There once was a time when firefighting tactics involved pulling down or dynamiting neighboring homes to prevent fire spread. There once was a time when firefighters fought against the introduction of steamers and gasoline-powered fire apparatus. There once was a time when firefighters entered...
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There once was a time when firefighting tactics involved pulling down or dynamiting neighboring homes to prevent fire spread. There once was a time when firefighters fought against the introduction of steamers and gasoline-powered fire apparatus. There once was a time when firefighters entered burning buildings before the invention of the self-contained breathing apparatus (SCBA) - and when they finally were introduced, you were called a coward for wearing one ("leather lungs" was a destructive cliche). There once was a time when rapid intervention teams were as unheard of as property and environmental conservation. There once was a time when all we responded to were fires.
We have come a long way in our profession - and we still have a long way to go.
Over the years, there has been a growing debate on the value of a college education in the fire service and the benefit and need for such when hiring or promoting. The most recent debates pit experience against education: Which should have more value in the fire service and which should the most emphasis be placed on? Should the college degree be in only a fire-related subject to have any value? Does having that piece of paper make a person more intelligent or capable, or does he lack of a degree somehow make a person a better leader?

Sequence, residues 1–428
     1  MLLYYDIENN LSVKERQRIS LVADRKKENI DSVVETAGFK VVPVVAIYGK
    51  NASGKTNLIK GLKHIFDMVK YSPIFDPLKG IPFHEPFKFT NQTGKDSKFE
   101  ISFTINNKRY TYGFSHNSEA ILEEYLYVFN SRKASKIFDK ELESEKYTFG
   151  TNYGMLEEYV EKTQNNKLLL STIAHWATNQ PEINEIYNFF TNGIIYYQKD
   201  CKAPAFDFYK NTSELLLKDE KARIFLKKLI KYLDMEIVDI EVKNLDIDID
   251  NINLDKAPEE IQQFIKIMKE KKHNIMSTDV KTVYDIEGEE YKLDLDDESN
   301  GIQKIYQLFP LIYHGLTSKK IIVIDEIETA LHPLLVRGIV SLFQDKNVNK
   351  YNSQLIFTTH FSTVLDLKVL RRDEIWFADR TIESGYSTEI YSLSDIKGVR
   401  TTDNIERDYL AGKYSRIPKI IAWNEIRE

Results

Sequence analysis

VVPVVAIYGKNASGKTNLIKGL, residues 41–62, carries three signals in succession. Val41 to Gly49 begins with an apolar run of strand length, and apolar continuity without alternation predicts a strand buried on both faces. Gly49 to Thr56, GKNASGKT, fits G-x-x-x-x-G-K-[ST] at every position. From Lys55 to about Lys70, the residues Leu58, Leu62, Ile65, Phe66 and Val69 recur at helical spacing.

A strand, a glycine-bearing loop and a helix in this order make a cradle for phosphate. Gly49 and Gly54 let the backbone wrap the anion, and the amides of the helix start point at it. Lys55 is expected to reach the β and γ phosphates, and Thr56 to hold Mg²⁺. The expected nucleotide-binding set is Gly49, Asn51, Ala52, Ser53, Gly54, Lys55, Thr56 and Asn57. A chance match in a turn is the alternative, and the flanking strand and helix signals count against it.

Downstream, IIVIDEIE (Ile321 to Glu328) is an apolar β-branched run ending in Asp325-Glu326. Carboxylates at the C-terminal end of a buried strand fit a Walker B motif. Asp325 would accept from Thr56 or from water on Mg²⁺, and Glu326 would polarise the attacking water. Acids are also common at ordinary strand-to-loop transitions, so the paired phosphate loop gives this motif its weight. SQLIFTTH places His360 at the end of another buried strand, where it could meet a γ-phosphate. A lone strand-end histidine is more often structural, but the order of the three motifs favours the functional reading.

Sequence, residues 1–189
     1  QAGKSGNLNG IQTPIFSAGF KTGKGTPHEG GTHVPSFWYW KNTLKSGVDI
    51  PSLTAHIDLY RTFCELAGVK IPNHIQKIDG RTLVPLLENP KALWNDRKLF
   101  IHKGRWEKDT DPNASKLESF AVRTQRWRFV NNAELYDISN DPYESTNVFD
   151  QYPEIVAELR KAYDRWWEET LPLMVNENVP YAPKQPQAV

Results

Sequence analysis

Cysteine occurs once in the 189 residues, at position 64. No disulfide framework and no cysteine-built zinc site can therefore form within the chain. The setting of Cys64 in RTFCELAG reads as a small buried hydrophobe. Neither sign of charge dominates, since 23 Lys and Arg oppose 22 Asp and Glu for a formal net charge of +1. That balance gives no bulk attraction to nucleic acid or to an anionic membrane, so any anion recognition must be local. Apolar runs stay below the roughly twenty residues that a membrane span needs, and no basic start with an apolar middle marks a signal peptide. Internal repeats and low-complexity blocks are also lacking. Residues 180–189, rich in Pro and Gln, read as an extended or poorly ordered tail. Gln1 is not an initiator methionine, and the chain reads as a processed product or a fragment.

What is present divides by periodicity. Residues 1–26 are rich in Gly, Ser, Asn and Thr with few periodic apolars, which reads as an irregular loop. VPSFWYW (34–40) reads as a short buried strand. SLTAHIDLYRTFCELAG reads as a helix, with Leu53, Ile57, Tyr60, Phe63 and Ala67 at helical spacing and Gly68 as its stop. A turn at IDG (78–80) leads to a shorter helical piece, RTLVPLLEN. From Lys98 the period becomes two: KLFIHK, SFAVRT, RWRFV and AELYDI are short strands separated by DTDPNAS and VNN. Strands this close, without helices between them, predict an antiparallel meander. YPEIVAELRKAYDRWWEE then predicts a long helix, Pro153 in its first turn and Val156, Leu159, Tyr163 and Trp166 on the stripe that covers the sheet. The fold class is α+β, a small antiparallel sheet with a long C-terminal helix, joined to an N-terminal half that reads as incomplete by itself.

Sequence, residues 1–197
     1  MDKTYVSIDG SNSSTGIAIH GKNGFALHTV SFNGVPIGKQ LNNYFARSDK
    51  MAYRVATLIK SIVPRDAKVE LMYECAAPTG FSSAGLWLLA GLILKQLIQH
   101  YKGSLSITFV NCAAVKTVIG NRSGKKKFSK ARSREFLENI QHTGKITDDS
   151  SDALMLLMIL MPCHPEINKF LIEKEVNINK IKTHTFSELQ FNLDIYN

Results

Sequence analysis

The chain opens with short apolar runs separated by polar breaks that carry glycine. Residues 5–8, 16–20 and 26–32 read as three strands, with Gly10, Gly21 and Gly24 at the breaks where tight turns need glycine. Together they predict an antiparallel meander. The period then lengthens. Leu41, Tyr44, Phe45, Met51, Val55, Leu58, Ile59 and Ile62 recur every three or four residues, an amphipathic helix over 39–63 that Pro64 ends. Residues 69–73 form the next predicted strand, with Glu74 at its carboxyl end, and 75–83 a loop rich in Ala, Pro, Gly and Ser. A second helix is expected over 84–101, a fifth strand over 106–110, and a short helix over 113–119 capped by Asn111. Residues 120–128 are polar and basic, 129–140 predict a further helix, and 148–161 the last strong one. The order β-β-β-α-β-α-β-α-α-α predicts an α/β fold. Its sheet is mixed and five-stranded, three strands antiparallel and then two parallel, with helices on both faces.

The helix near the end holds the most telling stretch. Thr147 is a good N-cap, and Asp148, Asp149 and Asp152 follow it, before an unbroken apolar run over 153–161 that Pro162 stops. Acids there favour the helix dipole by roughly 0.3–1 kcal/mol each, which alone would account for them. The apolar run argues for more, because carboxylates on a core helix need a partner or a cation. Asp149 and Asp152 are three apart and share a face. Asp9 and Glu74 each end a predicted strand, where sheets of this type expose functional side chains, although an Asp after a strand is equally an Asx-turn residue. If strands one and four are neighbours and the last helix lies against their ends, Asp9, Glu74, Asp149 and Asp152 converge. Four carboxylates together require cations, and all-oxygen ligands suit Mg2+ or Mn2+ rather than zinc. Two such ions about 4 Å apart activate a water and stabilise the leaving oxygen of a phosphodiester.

With the rapid progression of the fire service, technology, the complex nature of emergencies and hazardous environments in which we are finding ourselves, these questions are not so simple to answer. This is an issue that must be explored beyond the surface of firehouse kitchen-table debates. As officers and leaders, we need to understand what's at the heart of this issue, what's at stake if we are to progress as a profession (and the key word is "profession"), and find better, safer and more efficient ways to do our job.
We all know what experience means to the fire service and in no way does any amount of post-secondary education diminish or trump that experience. But looking into the future of our service, we cannot leave this issue so simply defined. Just as we understand how experience comes into play, we also need to know how a college education comes into play, and fully understand what that line on the resume says about the applicant or the promotional candidate. If we do not understand this, our profession and community will suffer.
A college degree has never meant just a piece of paper, an impressive fill-in on a resume, nor does it really matter what area of study that degree is in. It's not about the relativity of that degree to the fire service; it's about what having a college degree represents and says about the person in possession of it. A college degree says that the person in possession has the qualities of: